You could do a .forward, you could also add a “return-path” mail header, if i went that route I might do both.
If the form is generating the “FROM” address, based on the user’s email address as specified on the form, that’s likely a large part of your problem, dreamhost recently banned this form of email spoofing. Instead set up a mailbox or forward only address on one of you domains that is something like email@example.com for the “From” header, then you can then use the users supplied input as the “reply-to” address allowing who ever is answering to just hit reply.
Another approach altogether is to just abandon email for your form notifications (dreamhost’s outbound mail queues go wacky and back up all too often). Instead of using mail() just append to a file. As an example, something like:
$fp = fopen($contactformfile, "a");
fputs($fp, $now . $subject . $body );
define $contactformfile to something that includes a path to a web visible directory, and include the month and/or date in the filename, and a suffix of .txt .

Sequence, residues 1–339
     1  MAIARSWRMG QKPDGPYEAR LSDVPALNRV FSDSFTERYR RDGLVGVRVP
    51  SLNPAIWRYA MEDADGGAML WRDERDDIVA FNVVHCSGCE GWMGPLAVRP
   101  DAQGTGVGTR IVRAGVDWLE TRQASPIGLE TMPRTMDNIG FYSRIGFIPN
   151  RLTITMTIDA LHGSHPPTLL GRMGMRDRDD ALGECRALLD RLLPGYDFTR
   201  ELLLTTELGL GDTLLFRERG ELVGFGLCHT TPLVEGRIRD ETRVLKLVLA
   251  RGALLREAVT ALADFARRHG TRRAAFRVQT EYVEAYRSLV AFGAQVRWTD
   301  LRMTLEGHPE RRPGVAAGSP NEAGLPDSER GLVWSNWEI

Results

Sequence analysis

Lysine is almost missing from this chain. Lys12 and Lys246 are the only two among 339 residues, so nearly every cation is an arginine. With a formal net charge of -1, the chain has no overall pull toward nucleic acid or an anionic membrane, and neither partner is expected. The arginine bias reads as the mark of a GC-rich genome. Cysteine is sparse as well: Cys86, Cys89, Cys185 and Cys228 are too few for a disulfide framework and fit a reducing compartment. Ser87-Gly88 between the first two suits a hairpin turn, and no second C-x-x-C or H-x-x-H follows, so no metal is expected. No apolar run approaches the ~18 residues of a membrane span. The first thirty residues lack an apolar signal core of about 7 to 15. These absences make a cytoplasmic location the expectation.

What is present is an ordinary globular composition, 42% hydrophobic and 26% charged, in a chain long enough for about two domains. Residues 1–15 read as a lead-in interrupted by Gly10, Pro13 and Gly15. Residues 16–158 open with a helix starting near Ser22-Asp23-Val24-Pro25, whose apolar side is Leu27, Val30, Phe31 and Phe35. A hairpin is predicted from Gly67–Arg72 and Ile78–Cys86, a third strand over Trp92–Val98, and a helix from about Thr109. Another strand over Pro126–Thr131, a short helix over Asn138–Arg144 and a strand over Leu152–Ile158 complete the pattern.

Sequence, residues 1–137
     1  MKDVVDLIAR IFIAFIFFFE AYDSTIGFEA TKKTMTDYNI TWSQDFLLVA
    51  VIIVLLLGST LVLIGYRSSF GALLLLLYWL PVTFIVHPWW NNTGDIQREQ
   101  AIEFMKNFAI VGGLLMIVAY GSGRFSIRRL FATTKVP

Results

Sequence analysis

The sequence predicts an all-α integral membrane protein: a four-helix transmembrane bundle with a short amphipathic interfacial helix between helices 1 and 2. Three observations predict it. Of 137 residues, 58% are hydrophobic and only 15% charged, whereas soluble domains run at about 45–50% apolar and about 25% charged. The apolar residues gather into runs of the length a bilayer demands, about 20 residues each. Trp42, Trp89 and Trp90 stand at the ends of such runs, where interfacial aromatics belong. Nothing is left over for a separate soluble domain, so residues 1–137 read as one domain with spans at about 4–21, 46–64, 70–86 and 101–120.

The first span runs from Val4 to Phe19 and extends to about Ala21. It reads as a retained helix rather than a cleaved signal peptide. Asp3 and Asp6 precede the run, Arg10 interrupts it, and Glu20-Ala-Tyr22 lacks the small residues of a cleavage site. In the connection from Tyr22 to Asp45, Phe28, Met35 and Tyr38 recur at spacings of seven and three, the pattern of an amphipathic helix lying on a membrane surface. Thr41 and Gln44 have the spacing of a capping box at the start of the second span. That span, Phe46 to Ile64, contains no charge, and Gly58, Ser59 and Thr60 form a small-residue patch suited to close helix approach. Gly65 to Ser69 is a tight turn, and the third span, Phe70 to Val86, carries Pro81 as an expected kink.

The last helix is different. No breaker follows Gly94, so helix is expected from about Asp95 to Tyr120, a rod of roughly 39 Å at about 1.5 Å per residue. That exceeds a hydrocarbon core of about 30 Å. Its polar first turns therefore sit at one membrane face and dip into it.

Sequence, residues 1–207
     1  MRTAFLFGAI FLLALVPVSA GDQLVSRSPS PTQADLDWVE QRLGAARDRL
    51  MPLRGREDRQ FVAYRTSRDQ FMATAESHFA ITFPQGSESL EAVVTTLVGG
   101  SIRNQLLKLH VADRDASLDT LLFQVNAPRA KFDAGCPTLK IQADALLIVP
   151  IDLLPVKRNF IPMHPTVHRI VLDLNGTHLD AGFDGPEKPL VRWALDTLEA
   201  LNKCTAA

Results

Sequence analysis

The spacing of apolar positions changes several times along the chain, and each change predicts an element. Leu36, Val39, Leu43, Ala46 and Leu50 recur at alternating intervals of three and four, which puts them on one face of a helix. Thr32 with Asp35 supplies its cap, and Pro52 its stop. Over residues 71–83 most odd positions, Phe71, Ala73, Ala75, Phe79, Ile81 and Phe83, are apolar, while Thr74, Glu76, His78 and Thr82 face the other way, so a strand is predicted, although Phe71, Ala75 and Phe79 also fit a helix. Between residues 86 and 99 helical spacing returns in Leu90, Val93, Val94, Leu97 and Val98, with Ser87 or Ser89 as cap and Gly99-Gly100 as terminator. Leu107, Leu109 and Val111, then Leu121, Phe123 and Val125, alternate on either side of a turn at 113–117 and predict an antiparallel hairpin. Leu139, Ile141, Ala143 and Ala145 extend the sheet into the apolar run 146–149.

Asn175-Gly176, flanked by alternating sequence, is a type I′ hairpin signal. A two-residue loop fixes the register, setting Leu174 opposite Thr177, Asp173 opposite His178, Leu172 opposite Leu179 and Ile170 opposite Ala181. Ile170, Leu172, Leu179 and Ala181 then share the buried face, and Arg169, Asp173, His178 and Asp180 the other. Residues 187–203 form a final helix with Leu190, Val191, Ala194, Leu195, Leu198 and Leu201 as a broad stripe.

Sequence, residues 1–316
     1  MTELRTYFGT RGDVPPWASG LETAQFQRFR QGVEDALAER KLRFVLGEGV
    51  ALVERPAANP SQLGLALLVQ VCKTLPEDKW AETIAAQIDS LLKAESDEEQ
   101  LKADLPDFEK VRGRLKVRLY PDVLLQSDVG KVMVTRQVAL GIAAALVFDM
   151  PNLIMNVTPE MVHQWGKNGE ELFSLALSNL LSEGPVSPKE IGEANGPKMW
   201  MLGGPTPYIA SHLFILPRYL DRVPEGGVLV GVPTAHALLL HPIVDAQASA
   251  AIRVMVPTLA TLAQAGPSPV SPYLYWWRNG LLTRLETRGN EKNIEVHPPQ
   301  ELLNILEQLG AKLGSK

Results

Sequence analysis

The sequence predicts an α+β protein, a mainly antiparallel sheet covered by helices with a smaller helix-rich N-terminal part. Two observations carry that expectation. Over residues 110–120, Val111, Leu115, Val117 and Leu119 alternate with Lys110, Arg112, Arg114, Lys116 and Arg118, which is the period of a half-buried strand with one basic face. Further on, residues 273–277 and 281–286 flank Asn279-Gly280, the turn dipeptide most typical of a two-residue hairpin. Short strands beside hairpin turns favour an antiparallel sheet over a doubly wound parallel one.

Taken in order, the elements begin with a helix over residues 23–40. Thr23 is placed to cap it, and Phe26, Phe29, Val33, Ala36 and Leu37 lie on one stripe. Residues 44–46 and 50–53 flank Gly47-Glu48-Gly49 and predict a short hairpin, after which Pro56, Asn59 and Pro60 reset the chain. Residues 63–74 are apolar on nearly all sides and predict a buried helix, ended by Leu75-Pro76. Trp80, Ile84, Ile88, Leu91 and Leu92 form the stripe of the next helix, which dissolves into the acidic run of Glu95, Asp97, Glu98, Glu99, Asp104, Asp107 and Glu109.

Drop an .htaccess on the directory that these files are in, to restrict viewing by login, and/or IP address.
Optionally, if you want to do it even nicer, do a simple index.php for it that reads the directory and makes a clickable menu of what files are available, perhaps adding a delete button to get rid of old files. If you skip this part you can just use the servers file listing of the web visible directory. You could even add a cron to remove files after 30/60/90 days or something to keep things tidy, to me a cron to purge old is better than a delete button which can be accidentally pressed. Or maybe make a archive button to take the file out of the current listing but not trash it, then let cron clean up the archives.
If you really want to go all out with it, format the output being written to the file at .html instead and include a clickable “mailto:” link that will pre fill the to, subject and body on your local mail client when you click the link while viewing the contact form file. =]